Children 'main source of road rage'

Back-seat squabbling, spilled drinks and "are we there yet?" can make driving with children particularly stressful for parents.

Now a new survey has shown that little ones are the main cause of road rage.

A third of men say they only get angry behind the wheel when their children are in the car, while one in four women admit to losing their cool on the school run.

The online survey of 1,000 British drivers was conducted by used-car supermarket Carcraft.

Comprehensive car insurance is especially important, as drivers need to protect themselves from the wrath of risky road rage drivers.

Julia Dallimore, head of marketing at Carcraft, said: "The results of the survey weren't entirely surprising as most parents will know that driving the kids can really drive mums and dads round the bend!"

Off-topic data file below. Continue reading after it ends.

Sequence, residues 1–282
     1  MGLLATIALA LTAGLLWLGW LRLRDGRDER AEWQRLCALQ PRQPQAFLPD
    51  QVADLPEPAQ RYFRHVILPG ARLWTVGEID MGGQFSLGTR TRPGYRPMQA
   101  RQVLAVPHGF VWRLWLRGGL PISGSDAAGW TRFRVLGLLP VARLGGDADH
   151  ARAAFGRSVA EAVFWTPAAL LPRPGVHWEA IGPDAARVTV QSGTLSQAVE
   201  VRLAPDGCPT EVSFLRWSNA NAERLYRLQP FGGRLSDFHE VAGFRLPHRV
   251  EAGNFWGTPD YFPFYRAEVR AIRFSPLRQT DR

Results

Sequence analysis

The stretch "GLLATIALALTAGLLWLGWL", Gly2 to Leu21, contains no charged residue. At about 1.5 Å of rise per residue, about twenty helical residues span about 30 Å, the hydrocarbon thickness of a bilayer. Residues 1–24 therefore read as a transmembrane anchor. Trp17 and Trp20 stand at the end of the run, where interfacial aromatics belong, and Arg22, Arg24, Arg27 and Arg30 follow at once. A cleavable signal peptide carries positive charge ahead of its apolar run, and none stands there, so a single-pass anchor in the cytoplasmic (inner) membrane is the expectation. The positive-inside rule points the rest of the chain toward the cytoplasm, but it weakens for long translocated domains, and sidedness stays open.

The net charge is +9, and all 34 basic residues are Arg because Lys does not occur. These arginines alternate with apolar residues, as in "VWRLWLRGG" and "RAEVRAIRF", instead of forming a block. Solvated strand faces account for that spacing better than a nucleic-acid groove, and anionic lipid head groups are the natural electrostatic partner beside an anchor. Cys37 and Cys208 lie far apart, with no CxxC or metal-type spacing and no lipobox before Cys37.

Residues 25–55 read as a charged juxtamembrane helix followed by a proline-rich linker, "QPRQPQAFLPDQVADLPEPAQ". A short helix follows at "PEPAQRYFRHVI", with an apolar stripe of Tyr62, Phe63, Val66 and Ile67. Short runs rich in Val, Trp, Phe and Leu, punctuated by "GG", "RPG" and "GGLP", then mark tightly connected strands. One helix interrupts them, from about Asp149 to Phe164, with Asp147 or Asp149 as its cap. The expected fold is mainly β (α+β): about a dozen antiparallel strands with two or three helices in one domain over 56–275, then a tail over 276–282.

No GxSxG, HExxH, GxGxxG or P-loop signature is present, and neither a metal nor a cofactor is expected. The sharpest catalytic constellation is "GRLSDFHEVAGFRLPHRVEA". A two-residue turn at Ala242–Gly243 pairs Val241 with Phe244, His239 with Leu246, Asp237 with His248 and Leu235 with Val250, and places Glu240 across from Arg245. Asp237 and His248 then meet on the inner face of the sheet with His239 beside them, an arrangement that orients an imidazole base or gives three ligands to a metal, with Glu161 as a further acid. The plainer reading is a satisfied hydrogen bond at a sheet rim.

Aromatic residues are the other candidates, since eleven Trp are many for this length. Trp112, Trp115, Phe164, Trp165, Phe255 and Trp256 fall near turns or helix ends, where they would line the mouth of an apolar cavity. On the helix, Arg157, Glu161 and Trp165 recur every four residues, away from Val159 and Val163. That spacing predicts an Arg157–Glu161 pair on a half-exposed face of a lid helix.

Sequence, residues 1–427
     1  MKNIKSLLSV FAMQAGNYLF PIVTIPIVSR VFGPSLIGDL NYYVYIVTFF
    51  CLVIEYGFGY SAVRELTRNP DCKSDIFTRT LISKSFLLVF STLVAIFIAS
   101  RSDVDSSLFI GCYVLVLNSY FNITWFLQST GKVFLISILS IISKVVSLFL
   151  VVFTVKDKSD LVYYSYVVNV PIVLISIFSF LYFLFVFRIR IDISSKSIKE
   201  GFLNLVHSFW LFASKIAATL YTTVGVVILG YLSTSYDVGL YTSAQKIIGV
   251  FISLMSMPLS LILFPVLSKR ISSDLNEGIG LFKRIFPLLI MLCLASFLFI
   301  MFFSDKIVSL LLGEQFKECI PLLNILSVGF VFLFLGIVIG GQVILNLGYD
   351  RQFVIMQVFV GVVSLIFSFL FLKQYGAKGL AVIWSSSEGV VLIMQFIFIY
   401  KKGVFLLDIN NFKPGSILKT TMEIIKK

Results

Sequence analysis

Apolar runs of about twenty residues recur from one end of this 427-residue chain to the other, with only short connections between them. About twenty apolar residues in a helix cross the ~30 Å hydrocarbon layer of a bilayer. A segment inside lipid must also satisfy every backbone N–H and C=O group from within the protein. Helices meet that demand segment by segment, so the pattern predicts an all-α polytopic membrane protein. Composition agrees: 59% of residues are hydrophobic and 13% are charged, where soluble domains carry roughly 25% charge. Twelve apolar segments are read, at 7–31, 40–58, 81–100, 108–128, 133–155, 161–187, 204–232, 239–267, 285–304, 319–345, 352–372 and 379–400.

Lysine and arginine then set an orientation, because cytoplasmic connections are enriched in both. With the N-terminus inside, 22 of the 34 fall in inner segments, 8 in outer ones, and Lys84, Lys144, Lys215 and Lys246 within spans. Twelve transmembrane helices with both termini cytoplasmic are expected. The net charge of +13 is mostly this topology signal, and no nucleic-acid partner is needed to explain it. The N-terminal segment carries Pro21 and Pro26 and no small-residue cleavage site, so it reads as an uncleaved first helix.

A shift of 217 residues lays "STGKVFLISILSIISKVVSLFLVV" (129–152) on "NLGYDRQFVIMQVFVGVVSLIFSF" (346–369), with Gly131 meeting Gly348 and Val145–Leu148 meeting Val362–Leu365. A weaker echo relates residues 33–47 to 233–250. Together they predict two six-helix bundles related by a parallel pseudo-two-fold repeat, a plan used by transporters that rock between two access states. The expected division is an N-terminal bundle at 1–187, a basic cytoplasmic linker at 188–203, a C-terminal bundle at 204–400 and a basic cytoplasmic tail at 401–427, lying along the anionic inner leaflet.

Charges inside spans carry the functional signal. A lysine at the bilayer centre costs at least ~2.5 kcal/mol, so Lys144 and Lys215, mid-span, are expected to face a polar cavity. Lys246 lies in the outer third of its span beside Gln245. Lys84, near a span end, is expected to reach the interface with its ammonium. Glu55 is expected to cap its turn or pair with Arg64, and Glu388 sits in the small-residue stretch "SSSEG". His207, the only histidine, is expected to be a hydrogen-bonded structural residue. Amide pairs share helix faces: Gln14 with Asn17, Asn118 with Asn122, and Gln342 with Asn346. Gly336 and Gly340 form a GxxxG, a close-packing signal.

Psychologist Mike Guttridge said: "Having the kids in the car is distracting and, like being on the phone, may affect reaction times to stimulus on the roads.

"We're all naturally protective of our families, so if we are the victim of bad driving, or just running late and a bit stressed, we may have an adrenalin surge, which is expressed as road rage.

"Women tend to be less aggressive than men, so it's no surprise that female road rage is triggered by a protective, 'lioness' instinct."

The survey unearthed some of Britain's other pet driving peeves as well. Tailgating angered 28% of respondents, while two-a-breast cyclists ticked off a third of male and female drivers.

Women confessed to being much less tolerant than men when faced with traffic jams and rude drivers.

But 51% of respondents said they allowed other cars out in queues and waved to say "thank you" to other motorists.

"The good news is, Britain does seem to be driving happy, with physical acts of road rage very rare and only 4% of drivers claiming to experience road rage on a regular basis," said Ms Dallimore.

Copyright © Press Association 2011